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It’s Time to End Occupational Licensure

haircutA virulent epidemic is violating American’s rights and sapping the U.S. economy: occupational licensure.

The statistics are astounding. According to Forbes’ Suzanne Hoppough, from 1960 to 2007 the percentage of U.S. workers belonging to a licensed profession rose from 4.5 percent to 28 percent. In all, writes Hoppough, occupations requiring a government license in at least one state—including dentists, plumbers, hairdressers, secretaries, librarians, wallpaper hangers, and florists—rose from 80 in 1980 to 1100 by 2008.

The economic cost is incalculable. Licensure restricts the supply of workers in the occupations affected, stifling innovation and entrepreneurship, suppressing competition, and driving up prices. And the violation of American’s rights to liberty and the pursuit of happiness are patent: We are forbidden to act or contract in accordance with our judgment, forbidden to pursue our happiness as we see fit, forbidden to earn a living in these areas unless we have permission, in the form of a license, from the state.

What drives the licensure epidemic? It is fueled, in large part, by the established members of the various occupations themselves, through myriad professional organizations such as the National Association of Mortgage Brokers, American Dental Association, and the Cleveland Bar Association. Writes Hoppough: “These modern-day guilds have replaced organized labor as the main vehicle for workers seeking to shield themselves from competition.” Institute for Justice President William Mellor observes that they are “monopolies created by the government.”

But by seeking government “protection,” the guilds have sold their souls to the devil. Statists are beginning to discover the extortive power that government licensure accords them, and they are using that power against those who have helped hand it to them. Consider a few examples:

  • A Florida legislator threatens a doctor with loss of his medical license for exercising his First Amendment rights.
  • A proposed Massachusetts law would force health care providers to treat Medicare and Medicaid patients as a condition of their medical licenses.
  • Beginning next year, New York lawyers will be required to perform fifty hours of free legal services as a condition of their law licenses.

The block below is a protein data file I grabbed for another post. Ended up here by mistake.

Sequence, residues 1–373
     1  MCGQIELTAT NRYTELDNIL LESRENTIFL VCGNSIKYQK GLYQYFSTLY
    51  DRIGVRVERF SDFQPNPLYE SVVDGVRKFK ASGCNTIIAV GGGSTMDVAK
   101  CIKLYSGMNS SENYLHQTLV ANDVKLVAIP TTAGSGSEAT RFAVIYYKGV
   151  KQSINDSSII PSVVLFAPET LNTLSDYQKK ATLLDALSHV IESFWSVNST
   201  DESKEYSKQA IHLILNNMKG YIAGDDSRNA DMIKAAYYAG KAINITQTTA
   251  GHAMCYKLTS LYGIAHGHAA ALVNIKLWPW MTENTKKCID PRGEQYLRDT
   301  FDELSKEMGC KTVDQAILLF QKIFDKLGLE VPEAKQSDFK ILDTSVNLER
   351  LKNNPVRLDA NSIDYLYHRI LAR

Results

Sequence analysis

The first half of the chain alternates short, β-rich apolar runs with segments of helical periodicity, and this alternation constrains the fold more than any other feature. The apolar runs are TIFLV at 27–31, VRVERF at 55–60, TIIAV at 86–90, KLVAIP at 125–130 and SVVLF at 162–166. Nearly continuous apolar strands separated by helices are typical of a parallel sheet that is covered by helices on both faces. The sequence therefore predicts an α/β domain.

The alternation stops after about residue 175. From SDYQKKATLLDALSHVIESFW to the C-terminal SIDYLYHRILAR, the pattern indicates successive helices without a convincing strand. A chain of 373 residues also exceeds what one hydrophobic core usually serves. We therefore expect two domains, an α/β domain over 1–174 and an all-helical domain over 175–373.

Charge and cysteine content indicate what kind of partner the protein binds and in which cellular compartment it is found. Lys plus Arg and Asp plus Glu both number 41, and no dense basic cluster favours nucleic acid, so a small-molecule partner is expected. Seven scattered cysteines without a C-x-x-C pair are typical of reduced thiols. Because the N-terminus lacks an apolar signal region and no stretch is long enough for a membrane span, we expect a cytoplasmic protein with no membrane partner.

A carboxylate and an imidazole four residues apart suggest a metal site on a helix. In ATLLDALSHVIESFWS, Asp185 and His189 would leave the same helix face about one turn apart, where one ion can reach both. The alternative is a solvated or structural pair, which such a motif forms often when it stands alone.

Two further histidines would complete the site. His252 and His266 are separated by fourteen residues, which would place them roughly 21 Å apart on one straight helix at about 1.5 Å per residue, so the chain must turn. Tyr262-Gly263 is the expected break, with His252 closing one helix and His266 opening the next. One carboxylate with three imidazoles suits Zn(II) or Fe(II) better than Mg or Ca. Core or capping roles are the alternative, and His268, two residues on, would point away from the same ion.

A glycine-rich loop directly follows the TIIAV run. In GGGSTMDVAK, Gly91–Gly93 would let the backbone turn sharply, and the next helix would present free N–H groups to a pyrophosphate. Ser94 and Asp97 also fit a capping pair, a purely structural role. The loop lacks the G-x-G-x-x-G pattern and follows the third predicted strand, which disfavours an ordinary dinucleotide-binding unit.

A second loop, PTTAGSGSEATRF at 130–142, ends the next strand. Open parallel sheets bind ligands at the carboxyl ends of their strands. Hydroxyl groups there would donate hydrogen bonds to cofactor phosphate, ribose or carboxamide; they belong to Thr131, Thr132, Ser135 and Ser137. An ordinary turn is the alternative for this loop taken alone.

Licensure is anti-freedom, anti-American, and pro-statism—it violates our rights, squelches our liberties, and throttles the economy in myriad ways—and it is high time for Americans to call for its abolition.

Without licensure laws, how would we know whether a person or company is of sufficient credibility, quality, or safety to do business with? By reference to the various companies and institutions that fill the vital demand for information about credibility, quality, and safety.

Consumers want such information (hence the concern), so, in a free market, where people are free to act and to do business in accordance with their own judgment, profit-seeking businesses and nonprofit institutions arise to provide it. Indeed, such organizations already abound.

Consider, for instance, occupational accreditation that is voluntarily instituted in various professional and trade associations, such as the American Dental Association through its Commission on Dental Accreditation and the National Institute for Metalworking Skills. Consider also Zagat, which rates restaurants; Underwriters Laboratories (UL), which provides product safety testing for a wide range of industries; and the American National Standards Institute (ANSI), which provides a wide range of services including personnel certification and accreditation.

If Americans want information about the credibility, quality, and safety of the people and organizations with whom they do business, they do not need to get such information from the government (nor can the government competently provide such information). Rather, they need freedom—and the goods and services that flow from self-interested people operating under the principle of supply and demand in the marketplace.

It is time for Americans to call for an end to occupational licensure and to demand, instead, that the government protect and not violate our rights.

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Michael A. LaFerrara

Michael A. LaFerrara resides in New Jersey, where he spent his career in the plumbing, building controls, and construction industries. He writes on a wide variety of topics from an Objectivist perspective at his blog, Principled Perspectives.


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